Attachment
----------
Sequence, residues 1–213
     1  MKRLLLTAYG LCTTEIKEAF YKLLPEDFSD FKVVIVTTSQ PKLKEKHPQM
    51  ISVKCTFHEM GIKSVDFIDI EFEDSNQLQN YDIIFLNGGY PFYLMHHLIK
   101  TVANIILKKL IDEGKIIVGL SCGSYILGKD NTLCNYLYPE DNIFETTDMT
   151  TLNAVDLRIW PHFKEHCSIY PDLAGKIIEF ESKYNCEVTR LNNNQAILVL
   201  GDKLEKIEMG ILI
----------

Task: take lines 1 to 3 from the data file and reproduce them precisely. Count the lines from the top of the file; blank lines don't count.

Sequence, residues 1–213
     1  MKRLLLTAYG LCTTEIKEAF YKLLPEDFSD FKVVIVTTSQ PKLKEKHPQM
    51  ISVKCTFHEM GIKSVDFIDI EFEDSNQLQN YDIIFLNGGY PFYLMHHLIK